He and his wife, along with Turner, traveled to the National Hardware Show in Las Vegas. There and elsewhere, Schutte has met with representatives of Sears Holdings, Ace Hardware, Lowes Home Improvements, Home Depot, QVC, Wallace Hardware, Orgill and Sporty’s Tool Shop Magazine and more.

     He maintains that all along his entrepreneurial trip, things have fallen into place well and he has received an outpouring of favorable reactions and helpful advice from professionals in the hardware field.

     One example: the corporate folks at True Value committed to displaying the StayConnect planogram (the outline of how a line of products will be positioned on display on a store shelf) at headquarters. Typically, franchise or co-op owners—especially new ones—stock up by copying a planogram rather than making selections one-by-one of items to sell in their own retail stores.

     The True Value commitment is of immense importance because it facilitates ordering and is bound to translate to higher sales volume for StayConnect.

     Another StayConnect success is the Honorable Mention the company received in 2011 from North American Hardware Retail Association for a handsome point of sale display stand as well as for product innovation. The display picture appears on the company’s trifold brochure—clever leveraging!

     Every endeavor has its setbacks, and for Schutte, it was a surprising one-year long wait for completion of product testing and UL certification. Such certification, considered essential by retail store buyers, happened one year ago in December 2010.

     Once certification was achieved, sales growth exploded “about 25,000 percent,” reports Schutte. Now, StayConnect’s patented outlet covers for indoors and out are available to consumers for purchase at a growing number of sources.

     The Ace Hardware store in Cornelius was the first to purchase StayConnect outlet covers, followed by other Ace franchises, like Black Hawk Hardware in Charlotte, and in other states. You can order online from,,, and more. The newest big retail coup is True Value and the product lines can be found in True Value co-ops nationwide.

     “Plugs coming loose from outlets are so common,” maintains Pat Lynch, manager of the Cornelius Ace Hardware store. He is confident that the novel outlet covers featuring the hook will sell.

     Doug Kropelnicki, owner of A-1 Vacuum Solutions located in Huntersville, agrees with Lynch that such disconnecting is very common and expressed interest in seeing the outlet covers. The fact that it is offered by a family business like Schutte’s also appeals to him.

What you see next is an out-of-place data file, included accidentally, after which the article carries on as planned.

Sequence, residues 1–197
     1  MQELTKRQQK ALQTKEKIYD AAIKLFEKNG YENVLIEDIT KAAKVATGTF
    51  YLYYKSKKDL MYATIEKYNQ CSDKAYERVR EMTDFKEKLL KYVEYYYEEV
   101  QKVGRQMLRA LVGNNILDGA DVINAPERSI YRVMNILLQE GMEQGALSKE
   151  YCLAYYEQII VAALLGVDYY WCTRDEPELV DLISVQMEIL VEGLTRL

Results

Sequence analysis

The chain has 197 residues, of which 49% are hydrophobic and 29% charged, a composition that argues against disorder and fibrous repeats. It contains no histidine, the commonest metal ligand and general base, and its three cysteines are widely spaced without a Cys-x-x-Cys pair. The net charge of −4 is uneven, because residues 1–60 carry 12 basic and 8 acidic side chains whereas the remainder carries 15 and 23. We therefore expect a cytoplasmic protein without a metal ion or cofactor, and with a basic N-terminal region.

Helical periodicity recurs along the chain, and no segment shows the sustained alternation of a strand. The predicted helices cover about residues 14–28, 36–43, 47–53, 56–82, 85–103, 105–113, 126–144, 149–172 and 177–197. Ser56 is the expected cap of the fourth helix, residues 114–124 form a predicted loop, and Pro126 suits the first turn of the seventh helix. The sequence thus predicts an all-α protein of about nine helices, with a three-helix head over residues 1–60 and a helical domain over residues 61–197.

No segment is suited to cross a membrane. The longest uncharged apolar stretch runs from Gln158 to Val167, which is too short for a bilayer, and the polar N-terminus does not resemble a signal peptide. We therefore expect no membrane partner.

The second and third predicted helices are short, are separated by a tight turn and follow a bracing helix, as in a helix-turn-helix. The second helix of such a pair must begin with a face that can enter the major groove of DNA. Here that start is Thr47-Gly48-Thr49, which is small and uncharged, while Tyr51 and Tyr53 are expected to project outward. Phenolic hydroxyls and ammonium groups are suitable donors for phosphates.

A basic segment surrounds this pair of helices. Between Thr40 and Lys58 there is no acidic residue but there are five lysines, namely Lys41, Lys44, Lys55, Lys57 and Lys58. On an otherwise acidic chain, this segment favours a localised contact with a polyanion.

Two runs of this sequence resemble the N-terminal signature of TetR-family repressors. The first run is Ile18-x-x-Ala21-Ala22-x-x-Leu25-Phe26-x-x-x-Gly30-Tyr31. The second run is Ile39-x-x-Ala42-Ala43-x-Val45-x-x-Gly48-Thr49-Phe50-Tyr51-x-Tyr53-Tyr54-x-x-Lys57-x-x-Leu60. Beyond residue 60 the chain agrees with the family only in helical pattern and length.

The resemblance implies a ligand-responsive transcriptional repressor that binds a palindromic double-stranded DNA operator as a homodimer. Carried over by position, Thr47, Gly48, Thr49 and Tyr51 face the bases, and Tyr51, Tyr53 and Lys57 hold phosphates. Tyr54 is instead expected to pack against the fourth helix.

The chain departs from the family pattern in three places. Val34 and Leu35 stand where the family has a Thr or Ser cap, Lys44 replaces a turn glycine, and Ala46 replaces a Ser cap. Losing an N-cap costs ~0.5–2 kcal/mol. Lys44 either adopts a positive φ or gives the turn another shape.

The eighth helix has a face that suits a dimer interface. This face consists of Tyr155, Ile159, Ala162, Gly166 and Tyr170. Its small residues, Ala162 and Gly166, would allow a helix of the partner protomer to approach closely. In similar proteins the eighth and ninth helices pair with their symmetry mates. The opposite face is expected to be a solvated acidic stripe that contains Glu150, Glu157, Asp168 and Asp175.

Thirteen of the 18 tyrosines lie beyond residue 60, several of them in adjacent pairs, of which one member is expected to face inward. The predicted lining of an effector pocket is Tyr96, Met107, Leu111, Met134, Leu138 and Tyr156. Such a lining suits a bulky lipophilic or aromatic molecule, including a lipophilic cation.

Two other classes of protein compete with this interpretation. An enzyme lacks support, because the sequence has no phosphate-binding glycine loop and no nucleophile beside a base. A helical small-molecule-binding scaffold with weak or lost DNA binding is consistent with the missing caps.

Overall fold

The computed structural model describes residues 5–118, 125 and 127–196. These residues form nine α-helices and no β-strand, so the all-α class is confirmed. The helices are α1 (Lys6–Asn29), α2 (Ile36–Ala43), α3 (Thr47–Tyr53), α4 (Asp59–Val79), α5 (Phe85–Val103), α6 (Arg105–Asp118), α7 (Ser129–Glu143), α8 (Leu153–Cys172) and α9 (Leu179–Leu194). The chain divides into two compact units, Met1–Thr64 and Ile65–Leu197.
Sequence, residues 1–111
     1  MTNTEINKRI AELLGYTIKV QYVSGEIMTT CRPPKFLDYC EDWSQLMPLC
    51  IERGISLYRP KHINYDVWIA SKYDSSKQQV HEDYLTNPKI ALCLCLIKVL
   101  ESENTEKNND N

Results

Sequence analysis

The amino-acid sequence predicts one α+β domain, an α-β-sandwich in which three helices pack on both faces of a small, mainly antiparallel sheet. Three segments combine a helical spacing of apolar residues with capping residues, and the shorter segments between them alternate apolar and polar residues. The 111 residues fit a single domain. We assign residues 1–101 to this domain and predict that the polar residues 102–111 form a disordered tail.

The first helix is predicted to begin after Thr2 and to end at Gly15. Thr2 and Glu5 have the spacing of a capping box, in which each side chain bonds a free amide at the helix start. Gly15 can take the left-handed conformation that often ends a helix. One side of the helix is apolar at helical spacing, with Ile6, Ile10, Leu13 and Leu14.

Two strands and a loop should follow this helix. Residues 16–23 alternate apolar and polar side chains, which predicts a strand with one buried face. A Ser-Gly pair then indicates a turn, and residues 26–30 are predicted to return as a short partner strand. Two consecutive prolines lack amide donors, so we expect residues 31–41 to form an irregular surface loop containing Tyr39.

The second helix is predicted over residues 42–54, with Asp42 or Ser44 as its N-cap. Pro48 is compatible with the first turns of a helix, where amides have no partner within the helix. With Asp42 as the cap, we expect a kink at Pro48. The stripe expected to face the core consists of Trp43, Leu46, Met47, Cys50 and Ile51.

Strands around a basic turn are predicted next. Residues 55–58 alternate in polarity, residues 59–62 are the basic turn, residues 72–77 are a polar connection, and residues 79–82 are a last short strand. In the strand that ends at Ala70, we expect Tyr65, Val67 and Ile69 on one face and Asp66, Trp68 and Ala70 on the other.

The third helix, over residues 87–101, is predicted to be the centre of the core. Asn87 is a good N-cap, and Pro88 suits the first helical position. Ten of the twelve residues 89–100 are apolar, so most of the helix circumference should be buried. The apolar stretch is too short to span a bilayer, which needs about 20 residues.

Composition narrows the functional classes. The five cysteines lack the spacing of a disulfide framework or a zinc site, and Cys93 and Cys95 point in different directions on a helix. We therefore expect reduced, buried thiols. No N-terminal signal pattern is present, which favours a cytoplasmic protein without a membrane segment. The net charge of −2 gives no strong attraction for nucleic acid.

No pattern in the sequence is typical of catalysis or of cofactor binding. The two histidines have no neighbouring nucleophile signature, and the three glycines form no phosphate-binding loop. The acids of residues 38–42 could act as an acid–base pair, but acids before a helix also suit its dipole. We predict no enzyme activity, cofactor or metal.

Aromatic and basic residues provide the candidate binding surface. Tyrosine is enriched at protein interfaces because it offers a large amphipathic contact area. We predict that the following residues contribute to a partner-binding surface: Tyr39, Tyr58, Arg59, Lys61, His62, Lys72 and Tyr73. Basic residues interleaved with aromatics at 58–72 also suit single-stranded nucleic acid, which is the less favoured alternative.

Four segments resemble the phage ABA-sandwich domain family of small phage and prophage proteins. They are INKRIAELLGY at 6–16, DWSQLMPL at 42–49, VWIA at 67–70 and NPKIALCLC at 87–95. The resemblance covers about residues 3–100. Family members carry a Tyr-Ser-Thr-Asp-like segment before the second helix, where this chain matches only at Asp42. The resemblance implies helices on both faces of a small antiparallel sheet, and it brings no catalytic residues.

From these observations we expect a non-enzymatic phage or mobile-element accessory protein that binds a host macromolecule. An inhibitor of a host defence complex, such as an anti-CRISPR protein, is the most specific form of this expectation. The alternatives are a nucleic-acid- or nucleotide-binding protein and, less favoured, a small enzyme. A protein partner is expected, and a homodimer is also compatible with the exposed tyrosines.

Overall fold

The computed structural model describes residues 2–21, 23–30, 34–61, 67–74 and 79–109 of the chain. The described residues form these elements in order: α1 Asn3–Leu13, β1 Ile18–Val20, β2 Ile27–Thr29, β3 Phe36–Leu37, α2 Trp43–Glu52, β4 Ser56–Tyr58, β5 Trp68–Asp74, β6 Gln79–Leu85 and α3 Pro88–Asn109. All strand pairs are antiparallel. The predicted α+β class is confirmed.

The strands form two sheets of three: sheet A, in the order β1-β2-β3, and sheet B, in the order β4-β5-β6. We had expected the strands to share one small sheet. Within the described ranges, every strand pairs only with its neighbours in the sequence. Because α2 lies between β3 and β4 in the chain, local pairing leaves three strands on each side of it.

Consumers who care about the appearance of their interior walls may want their outlets less noticeable. StayConnect interior outlet covers and plates shroud the socket holes with a little hinged door. Presently available in white or beige, Schutte plans to offer an additional choice that features a paintable surface. The resulting appearance of an entire wall will look more uniform than when using builder’s grade plates.

     StayConnect’s exterior outlet covers, intended for power tools, lawn care machines, etc., are not made to be pretty but rather built to be high-quality—metal exterior vs. plastic, lined with rubber, rather than foam, seal.


Rave Reviews

     Schutte says the reactions of customers have been “Great.”

     David Hudson remarks, “I’ve been working construction for all my life and have always had trouble keeping my extension cords plugged in. I roll out those 50 or 100 foot cords and the weight of the cord will even pull the plug from the wall. Now no more fines from onsite inspectors for broken ground wire prongs on my cords! My electrical cords stay preserved—no more premature wear and tear, bent and twisted electrical prongs and broken ground wire prong! Not only does the StayConnect outlet cover save the frustration of being disconnected, it saves my pocket book too!”

     Sandy Thomas raved, “In order to provide a finished look to my outlets, I’d been using those push-in child proof tabs! The StayConnect outlet cover provides the look that I’ve been looking for and I no longer have to use a screw driver to pull those old tabs out! Way to go!”

     Schutte wants his business to grow and become “a force in the retail industry” known for its electrical solutions. As labor intensive as it has been to dive into launching a business while still employed with another firm, Schutte claims to be enjoying the adventure, but does miss sharing activities with his friends.

     His enterprise continues to target big box chain stores. A flight to the Chicago headquarters of Sears is on Schutte’s schedule, in fact. To meet today’s requests by retail stores for additional types of useful devices, Schutte plans to expand his line to address various child safety needs, including a childproof outlet cover, which he hopes to release this spring.

     He and Turner have additional ideas brewing. They have begun talks with other manufacturers with the intent of co-marketing products that are associated with each other, like outdoor extension cords.

     As order volume takes off and product lines expand, there will be a point at which Schutte will quit his day job to plunge into running and expanding his new venture full time…and some day buy a new, bigger speed boat. Frustration promises to be fruitful for this enterprise.

     Schutte believes it probably won’t be long before StayConnect is a household name widely available across the nation to meet the electrical needs of hobbyists, homeowners and business owners alike.

     Originally from Indiana, Schutte and wife Tracey, who is StayConnect’s operations director, and their daughter reside in Cornelius.

     StayConnected—more updates to come!

Suzanne Fulton is a Charlotte-based freelance writer.